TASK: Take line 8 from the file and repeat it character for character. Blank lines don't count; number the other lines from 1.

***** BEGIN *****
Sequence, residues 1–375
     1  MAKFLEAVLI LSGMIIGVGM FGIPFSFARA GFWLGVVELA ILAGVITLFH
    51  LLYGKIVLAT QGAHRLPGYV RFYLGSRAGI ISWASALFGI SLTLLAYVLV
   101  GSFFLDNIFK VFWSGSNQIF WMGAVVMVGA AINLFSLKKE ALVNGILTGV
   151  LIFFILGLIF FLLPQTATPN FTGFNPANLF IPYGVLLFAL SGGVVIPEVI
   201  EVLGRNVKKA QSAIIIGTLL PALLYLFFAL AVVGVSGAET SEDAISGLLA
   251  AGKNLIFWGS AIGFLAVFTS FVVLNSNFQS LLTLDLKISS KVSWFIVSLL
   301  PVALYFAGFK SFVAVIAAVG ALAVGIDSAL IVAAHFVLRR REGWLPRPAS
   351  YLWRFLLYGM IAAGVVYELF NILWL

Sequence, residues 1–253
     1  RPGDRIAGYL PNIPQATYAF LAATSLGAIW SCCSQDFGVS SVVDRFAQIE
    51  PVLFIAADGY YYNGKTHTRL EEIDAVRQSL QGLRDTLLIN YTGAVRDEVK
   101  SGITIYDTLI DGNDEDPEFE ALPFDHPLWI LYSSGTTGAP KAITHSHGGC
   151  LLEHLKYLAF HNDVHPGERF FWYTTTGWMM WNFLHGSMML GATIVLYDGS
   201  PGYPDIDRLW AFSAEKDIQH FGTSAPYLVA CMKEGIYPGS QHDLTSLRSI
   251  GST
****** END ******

   301  PVALYFAGFK SFVAVIAAVG ALAVGIDSAL IVAAHFVLRR REGWLPRPAS